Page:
Writing a plugin for the AWM and testing it can be cumbersome if you have to constantly start the AWM, login and then navigate to a node in the tree that allows you to activate your plugin. No, arguably a better way is to create your own testbed to simulate the AWM environment. That way you can run your code with less effort and interaction and are also afforded the ability to step through and debug your code if, like me, you need to.

In my case I merely created a Java class that effectively created an Oracle database connection and then called my plugin code, passing in the connection and anything else that it required. This was all fine and dandy whilst developing the code and afforded me the luxury of being able to test my code with the minimum of effort. However, when I eventually placed my code into the plugin framework (which to be fair I was doing simultaneously anyway) my code, well, didn't really stop working but rather, well... just seemed to stall.

This was masked by the fact that I was using multiple threads and thus parts of the plugin, though still functioning, arguably produced incorrect results. After a little investigation (okay, okay, so more than a little and certainly more than I would have liked) I discovered the reason...

There appears to be no fine-grained locking in Oracle OLAP, certainly as far as the AWM is concerned.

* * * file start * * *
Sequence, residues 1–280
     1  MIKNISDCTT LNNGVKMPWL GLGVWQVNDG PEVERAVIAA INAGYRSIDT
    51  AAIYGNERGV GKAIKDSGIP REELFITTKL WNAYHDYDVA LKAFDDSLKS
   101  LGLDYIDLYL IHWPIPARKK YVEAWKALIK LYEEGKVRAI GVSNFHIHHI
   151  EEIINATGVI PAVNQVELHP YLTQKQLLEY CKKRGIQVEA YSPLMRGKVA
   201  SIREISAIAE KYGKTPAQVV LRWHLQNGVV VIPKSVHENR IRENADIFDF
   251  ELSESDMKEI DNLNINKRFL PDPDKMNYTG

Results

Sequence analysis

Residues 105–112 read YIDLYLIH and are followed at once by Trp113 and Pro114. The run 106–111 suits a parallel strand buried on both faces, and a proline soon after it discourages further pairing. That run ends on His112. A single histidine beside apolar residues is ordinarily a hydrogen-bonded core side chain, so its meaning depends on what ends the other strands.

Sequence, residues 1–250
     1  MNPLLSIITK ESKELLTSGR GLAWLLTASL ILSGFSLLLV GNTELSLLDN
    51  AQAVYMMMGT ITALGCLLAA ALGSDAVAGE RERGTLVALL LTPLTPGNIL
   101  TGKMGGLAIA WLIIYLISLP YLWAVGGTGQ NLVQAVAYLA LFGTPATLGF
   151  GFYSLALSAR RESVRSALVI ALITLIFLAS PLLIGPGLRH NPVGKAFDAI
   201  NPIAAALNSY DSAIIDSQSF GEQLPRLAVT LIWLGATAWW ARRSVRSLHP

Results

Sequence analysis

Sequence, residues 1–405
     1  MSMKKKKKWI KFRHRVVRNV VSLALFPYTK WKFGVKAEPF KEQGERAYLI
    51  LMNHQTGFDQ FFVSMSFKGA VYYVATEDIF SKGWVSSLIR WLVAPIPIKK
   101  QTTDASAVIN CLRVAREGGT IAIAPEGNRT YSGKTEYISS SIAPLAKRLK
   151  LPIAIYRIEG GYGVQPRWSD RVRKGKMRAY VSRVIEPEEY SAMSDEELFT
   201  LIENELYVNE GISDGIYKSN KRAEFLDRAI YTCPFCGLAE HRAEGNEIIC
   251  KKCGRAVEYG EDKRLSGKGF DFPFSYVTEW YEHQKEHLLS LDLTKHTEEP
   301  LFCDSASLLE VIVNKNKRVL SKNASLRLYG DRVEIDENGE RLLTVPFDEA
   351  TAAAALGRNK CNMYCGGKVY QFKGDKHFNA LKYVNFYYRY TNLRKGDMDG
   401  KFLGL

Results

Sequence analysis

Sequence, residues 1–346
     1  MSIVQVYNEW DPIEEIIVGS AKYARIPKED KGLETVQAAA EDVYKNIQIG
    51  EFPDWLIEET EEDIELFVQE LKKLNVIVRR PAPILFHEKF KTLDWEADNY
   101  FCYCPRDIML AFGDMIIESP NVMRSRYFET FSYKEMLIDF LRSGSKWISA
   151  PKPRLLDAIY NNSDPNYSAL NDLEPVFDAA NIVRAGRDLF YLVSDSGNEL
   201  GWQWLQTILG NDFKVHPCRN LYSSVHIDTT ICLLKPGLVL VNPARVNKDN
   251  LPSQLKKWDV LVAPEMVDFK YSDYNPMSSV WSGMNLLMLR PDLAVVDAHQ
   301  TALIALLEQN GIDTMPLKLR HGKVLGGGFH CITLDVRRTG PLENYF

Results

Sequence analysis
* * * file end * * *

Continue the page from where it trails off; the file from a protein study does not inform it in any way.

So what do I mean by that? Well, just that it is geared towards a single developer updating a given analytic workspace. Multiple updates to different parts of the workspace simultaneously are not supported nor, as far as I can tell, even possible.

So what does that mean to us? Well, when the AWM connects to the analytic workspace it attaches it in "read/write" mode. This means that any plugin code can only affect the contents of that analytic workspace by using the connection provided to it when the plugin is invoked. Retrieving/creating a new connection using the data source made available in the Map object presented to the plugin means that any code executed over that connection is in fact in a different session. As such, any code intended to affect the same analytic workspace that was attached by the AWM session created when the analytic workspace was attached will be blocked and will not be able to make changes or even process any objects in that analytic workspace.